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Opinion

ESPN brings disappointment to long-time viewer, columnist

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February 28, 2008

Just like many of you, I wake up and wonder just where the hell I am. Then I stumble into the shower and wake up, brush my teeth and all of that stuff. Then I promptly turn on ESPN to watch Sportscenter. 

  Normally, I don’t have a problem with it, but this morning something really rubbed me the wrong way and I came to the conclusion that a lot of people already have. ESPN sucks.

  ESPN has been a staple of my life since childhood. It’s actually the reason I went into a broadcast journalism major. I remember when I was in second grade and I’d get up way too early every morning to watch Sportscenter. I would watch guys like Dan Patrick, Keith Olbermann, Kenny Mayne and Stewart Scott run through highlights with their uncanny wit and catchphrases.

  Unfortunately, as I’ve gotten older, the station has lost its luster. ESPN has become a mega power in the sports broadcasting world. The mega power has continued to grow until it lost sight of its main goal: to entertain and inform the casual fan.

  I take this Wednesday’s edition as an example. ESPN has created a segment called “Sportscenter Right Now.” This segment gives fans the news as soon as it happens. For example, the morning that Redskins safety Sean Taylor passed away, ESPN cut out the part about Taylor’s condition and ran a segment on his life.

  On Wednesday morning, ESPN broadcasted that Boston Red Sox general manager Theo Epstein called out Yankee pitchers Kevin Brown and Mike Mussina on the fact that they hated the trip to Japan that the Yankees took to open the 2002 season. The Red Sox will open against the Oakland Athletics in Japan this year. That’s it. Oh, and Mussina shot back that they won the division. 

  Is this something that someone in Minnesota or Wisconsin cares about? Sure, there are many bandwagon jumpers all over the country, but the Red Sox-Yankees rivalry is simply two runway models trying to trip each other in competition ala Zoolander.

  ESPN also tends to blow news stories out of proportion, such as the Roger Clemens case. I signed up for ESPN text message alerts for Major League Baseball on my cell phone this winter to see who signed where and who got traded. Instead, I signed up for the Roger Clemens suicide watch update.

  I have to be more careful with what I’m signing up for I guess. Every time I get a text now it says, “Roger Clemens called Brian McNamee a poopy head.” Then I’ll get a text saying, “Brian McNamee responds to Clemens by saying he’s a dorkface.”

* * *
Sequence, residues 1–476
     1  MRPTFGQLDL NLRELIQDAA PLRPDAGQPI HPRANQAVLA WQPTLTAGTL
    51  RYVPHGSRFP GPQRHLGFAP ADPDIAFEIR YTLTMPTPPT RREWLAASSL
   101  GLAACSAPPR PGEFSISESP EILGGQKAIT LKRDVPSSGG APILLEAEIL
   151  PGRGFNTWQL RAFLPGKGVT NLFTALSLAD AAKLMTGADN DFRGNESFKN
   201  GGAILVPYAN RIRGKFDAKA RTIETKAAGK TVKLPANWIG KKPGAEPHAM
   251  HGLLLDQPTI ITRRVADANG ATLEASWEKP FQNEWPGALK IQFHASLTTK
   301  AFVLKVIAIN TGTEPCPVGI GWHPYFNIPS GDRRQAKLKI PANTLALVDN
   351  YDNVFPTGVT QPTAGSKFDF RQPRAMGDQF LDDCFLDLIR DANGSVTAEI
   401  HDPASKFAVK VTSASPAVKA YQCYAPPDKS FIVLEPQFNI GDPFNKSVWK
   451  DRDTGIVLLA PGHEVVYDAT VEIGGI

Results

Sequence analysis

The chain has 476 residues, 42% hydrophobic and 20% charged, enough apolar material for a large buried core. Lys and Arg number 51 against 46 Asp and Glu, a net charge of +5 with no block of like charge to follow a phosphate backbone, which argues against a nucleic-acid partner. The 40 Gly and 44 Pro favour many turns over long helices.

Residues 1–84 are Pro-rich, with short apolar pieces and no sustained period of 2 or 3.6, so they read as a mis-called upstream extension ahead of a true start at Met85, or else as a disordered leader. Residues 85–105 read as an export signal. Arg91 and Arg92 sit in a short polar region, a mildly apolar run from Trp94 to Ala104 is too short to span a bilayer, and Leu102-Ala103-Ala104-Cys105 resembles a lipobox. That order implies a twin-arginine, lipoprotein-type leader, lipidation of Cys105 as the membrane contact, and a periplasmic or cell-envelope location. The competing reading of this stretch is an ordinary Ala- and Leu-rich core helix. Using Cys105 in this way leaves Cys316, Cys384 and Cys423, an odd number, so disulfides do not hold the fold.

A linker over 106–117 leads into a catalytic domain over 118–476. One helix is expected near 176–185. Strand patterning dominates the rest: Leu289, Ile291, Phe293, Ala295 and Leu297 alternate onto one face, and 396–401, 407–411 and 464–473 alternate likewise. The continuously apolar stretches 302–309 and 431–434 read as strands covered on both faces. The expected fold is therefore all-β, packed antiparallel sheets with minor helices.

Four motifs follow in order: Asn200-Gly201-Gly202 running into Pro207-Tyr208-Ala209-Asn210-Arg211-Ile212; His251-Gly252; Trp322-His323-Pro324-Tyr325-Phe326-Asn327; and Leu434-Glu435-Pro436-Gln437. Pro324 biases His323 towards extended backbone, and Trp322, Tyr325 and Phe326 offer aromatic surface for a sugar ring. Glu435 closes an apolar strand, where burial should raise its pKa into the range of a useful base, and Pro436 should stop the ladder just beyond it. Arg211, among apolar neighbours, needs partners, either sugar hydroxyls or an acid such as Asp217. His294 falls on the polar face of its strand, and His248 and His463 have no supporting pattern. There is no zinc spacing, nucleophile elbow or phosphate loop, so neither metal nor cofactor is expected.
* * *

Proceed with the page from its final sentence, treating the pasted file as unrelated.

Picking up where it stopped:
Enough already. We get the idea. Roger Clemens took steroids and he has too big of an ego to admit it. I don’t care that he “misremembers” conversations.

  I don’t care that his wife took HGH so she could be a he-she. I don’t care that his wife was at Jose Canseco’s 1998 party comparing boob sizes with Canseco’s wife. Enough. Stop this madness. It’s getting as bad as the coverage of Favre Watch after every football season.

  Then there’s the fact that ESPN has completely ignored hockey. Granted, hockey isn’t the most popular sport in the United States because of the lockout, but nobody knows anybody outside of Pittsburgh Penguins center Sidney Crosby and Washington Capitals wing Alexander Ovechkin. 

  We do know, however, about the 12th man on the Los Angeles Lakers bench. The NHL did make a horrible decision after the lockout by broadcasting their games on Versus instead of ESPN.

  However, ESPN needs to have more hockey than Barry Melrose dissecting two highlights. Melrose could be the smartest analyst on ESPN right now, which gets me to my final point.

  Apparently, to get a job at ESPN you have to meet two of the three following criteria. a) Be a washed up professional athlete. B) Be a lousy columnist. C) Scream as loud as you can. C has been the most important in the ESPN food chain. Why else would Stephen A. Smith, Woody Page, Sean Salisbury, Jay Marriotti, and Skip Bayless (and his $5 million Botox bill) still have jobs with the network?

  Please, get somebody that doesn’t make my eardrums bleed when I hear that person break down something. (For those who have listened to my show, the Crishad Experience with Ben Quayle, which can be heard Thursday nights from 6-8 p.m. on WRFW 88.7 FM, I guess that eliminates me from an ESPN job.)

  With all of that said, ESPN does do a good job on some things, but they really should take a look back at what made them popular in the first place: covering all sports, and informing the casual fan. I don’t see that happening in the near future.

Chris Schad is a student at UW-River Falls.